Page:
Header photo courtesy of Ashley Adams.
Plastic pollution has been observed in the world’s oceans since the 1960s and since then has become more abundant in the marine environment. Larger pieces of plastic can be broken down into smaller pieces of plastic through mechanisms like wave action, animal grazing, or photo degradation. These smaller pieces of plastic are more appropriately termed microplastics and are smaller than 5mm in length and cannot be seen with the naked eye.
These microplastics are harmful to both humans and animals. Marine animals will often mistake both large and small plastics for food, which can cause false feelings of fullness. They can also become entangled in plastic debris and on a smaller cellular scale, can experience toxic effects from ingestion and exposure to the chemicals in microplastics.
The Central Coast of California has absolutely gorgeous beaches and generally stays trash-free. However, microplastics are sneaky and can’t be seen easily. We already know that there isn’t a place on Earth that is completely plastic free as they’ve been found in the deepest part of the ocean in the Mariana Trench and on the top of the world on Mount Everest. Because of this, students in Dr. Nikki Adams’ lab at Cal Poly San Luis Obispo wanted to investigate if microplastics were present on the beaches in the Morro Bay estuary, and where in the estuary they were most abundant.
Microplastics Research Effort
We set out to answer our questions by collecting sediment (mud or sand) samples from three different beaches in the estuary: Coleman Beach, Windy Cove, and Pasadena Point. These locations all vary in proximity to creek drainage and businesses, human traffic, ecological tourism, and natural processes like wave action and water flow from currents. The diversity of these three beaches is important in helping us understand if any of these factors influence how microplastics accumulate in different sub-environments.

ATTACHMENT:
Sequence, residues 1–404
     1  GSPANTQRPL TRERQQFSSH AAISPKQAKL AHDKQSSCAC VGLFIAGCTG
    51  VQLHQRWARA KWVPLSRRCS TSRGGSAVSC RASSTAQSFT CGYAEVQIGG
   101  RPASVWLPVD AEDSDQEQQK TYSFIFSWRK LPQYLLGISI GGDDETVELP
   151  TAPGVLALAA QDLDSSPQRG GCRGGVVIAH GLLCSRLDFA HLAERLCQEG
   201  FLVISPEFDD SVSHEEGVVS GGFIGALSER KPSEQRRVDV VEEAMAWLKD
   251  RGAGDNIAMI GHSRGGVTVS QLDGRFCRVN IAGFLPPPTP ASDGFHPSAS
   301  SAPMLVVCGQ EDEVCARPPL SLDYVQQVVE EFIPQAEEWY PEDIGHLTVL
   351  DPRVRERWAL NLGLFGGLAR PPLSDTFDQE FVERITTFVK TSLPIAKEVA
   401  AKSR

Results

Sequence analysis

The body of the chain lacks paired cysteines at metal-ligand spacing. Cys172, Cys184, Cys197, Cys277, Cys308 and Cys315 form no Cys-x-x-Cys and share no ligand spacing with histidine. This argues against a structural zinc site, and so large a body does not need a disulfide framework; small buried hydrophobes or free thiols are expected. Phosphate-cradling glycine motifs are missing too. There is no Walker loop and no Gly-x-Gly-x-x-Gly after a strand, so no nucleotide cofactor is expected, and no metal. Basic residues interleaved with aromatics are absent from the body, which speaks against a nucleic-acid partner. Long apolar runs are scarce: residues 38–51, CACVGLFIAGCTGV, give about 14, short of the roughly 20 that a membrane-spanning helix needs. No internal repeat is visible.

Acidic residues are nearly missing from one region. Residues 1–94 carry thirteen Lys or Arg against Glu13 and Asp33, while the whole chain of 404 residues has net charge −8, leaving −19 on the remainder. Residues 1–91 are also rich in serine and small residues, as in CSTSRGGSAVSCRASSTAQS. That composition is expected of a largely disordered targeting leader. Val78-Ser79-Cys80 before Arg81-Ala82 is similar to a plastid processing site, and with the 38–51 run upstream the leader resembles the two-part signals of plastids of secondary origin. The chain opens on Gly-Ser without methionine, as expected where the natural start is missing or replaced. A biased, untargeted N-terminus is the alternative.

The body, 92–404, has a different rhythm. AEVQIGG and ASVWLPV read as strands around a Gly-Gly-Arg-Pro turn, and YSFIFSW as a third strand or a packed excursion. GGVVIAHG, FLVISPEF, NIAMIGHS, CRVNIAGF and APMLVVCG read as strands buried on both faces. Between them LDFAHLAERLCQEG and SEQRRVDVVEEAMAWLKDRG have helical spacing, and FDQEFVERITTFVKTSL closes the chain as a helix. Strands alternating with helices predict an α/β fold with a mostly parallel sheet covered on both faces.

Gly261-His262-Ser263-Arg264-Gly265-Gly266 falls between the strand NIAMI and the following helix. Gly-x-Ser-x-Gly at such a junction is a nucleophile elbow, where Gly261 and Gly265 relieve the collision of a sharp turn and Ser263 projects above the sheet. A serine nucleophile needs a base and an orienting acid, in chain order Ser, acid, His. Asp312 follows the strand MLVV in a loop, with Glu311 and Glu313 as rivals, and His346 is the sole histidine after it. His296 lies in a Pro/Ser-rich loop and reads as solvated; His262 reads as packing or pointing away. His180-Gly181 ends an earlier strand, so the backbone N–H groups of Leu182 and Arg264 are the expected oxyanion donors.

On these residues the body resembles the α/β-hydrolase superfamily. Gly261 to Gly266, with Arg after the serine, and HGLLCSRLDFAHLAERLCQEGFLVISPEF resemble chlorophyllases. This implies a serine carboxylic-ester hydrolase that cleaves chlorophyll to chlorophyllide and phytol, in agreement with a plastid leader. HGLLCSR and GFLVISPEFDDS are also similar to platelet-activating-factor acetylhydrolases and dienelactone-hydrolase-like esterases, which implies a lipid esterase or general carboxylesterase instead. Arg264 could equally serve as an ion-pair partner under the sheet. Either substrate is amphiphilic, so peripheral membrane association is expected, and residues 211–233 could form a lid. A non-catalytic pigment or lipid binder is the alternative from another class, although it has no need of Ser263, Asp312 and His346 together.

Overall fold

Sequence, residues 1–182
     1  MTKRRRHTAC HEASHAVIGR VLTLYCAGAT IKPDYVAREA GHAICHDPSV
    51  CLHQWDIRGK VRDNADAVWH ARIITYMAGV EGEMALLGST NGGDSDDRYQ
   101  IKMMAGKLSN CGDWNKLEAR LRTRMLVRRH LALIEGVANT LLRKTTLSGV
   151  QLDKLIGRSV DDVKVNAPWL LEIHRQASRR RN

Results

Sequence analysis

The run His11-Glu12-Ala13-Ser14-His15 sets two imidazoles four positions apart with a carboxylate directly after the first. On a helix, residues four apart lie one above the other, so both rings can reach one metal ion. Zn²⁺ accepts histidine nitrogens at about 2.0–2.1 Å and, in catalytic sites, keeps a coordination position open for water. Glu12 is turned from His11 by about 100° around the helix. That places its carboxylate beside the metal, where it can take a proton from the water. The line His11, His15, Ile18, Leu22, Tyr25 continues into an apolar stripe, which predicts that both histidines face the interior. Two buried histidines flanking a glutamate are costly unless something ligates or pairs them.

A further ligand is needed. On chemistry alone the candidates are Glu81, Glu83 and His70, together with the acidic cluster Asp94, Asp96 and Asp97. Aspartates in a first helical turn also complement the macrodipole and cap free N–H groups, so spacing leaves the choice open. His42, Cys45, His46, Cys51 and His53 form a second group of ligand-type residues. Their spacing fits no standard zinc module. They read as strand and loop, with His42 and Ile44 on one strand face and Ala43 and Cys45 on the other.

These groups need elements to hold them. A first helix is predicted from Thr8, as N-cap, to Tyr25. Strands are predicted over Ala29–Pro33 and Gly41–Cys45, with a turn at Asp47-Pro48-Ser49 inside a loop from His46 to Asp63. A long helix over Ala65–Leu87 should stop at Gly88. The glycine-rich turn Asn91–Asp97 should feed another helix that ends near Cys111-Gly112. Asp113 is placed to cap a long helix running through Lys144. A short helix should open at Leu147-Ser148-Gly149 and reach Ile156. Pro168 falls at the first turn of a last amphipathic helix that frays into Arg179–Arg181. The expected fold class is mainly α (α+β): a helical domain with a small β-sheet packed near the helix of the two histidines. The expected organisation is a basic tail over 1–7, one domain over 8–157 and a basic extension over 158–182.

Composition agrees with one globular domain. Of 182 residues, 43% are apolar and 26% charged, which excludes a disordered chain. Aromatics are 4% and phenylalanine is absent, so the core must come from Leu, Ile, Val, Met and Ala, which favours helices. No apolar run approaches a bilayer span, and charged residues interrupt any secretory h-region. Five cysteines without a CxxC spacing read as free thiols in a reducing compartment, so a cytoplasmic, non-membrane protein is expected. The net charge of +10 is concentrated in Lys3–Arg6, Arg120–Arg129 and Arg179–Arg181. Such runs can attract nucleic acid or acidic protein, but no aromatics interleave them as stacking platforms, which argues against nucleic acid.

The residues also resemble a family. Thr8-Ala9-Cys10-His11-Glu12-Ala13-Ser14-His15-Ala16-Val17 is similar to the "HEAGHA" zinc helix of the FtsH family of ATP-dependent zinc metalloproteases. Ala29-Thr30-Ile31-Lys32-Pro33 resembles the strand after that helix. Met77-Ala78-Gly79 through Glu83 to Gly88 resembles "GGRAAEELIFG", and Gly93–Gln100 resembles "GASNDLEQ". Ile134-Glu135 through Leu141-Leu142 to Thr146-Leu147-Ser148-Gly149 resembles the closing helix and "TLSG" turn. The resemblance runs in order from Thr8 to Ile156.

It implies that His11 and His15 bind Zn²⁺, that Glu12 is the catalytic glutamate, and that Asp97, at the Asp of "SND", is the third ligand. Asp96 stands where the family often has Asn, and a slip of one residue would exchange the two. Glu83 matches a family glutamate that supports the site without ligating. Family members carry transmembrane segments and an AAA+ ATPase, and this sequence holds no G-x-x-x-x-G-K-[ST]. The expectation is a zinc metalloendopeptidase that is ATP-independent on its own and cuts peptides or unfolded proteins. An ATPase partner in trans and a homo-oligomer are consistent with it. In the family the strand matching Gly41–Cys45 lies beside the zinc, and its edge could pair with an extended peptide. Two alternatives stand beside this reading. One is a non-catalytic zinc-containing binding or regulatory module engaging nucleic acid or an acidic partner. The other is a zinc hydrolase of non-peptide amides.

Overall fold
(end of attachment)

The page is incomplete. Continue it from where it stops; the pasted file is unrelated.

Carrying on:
Since April 2021, we’ve been coming to the estuary each month to collect sediment samples at each beach during a low tide. In our lab, we use a special fluorescence microscope and dyes to help us view and count microplastics that may be in our samples.
What We Learned
So far, we have found that there are microplastics at all three beaches. The most common type of microplastic has been fibers. These plastic derivatives commonly come from clothing made from polyester, abrasion from tires, and natural degradation of materials that may already be in the water like synthetic ropes on boats.
Where Do We Go From Here?
While this news is not ideal, it also is not completely surprising considering we live in a plastic world. Fortunately, our beaches are much cleaner in comparison to beaches that have been surveyed for microplastics by other researchers in various parts of the world, and there are things we can do as individuals to help mitigate this issue. Some of these things can include participating in local creek and beach clean ups, reducing plastic usage by drinking from a reusable water bottle, or wearing clothes made from cotton and linen, among many others.
Guest author Ashley Adams
Author Ashley Adams is a 2nd year Biological Sciences graduate student at Cal Poly. She began working with the Estuary Program in November 2020 on her long-term microplastics monitoring program. In addition to overseeing this project, she also studies the effects of microplastics on the immune systems of marine invertebrates. In her free time she enjoys hiking, reading, and exploring the Central Coast. Photo courtesy of Crystal Castillo.
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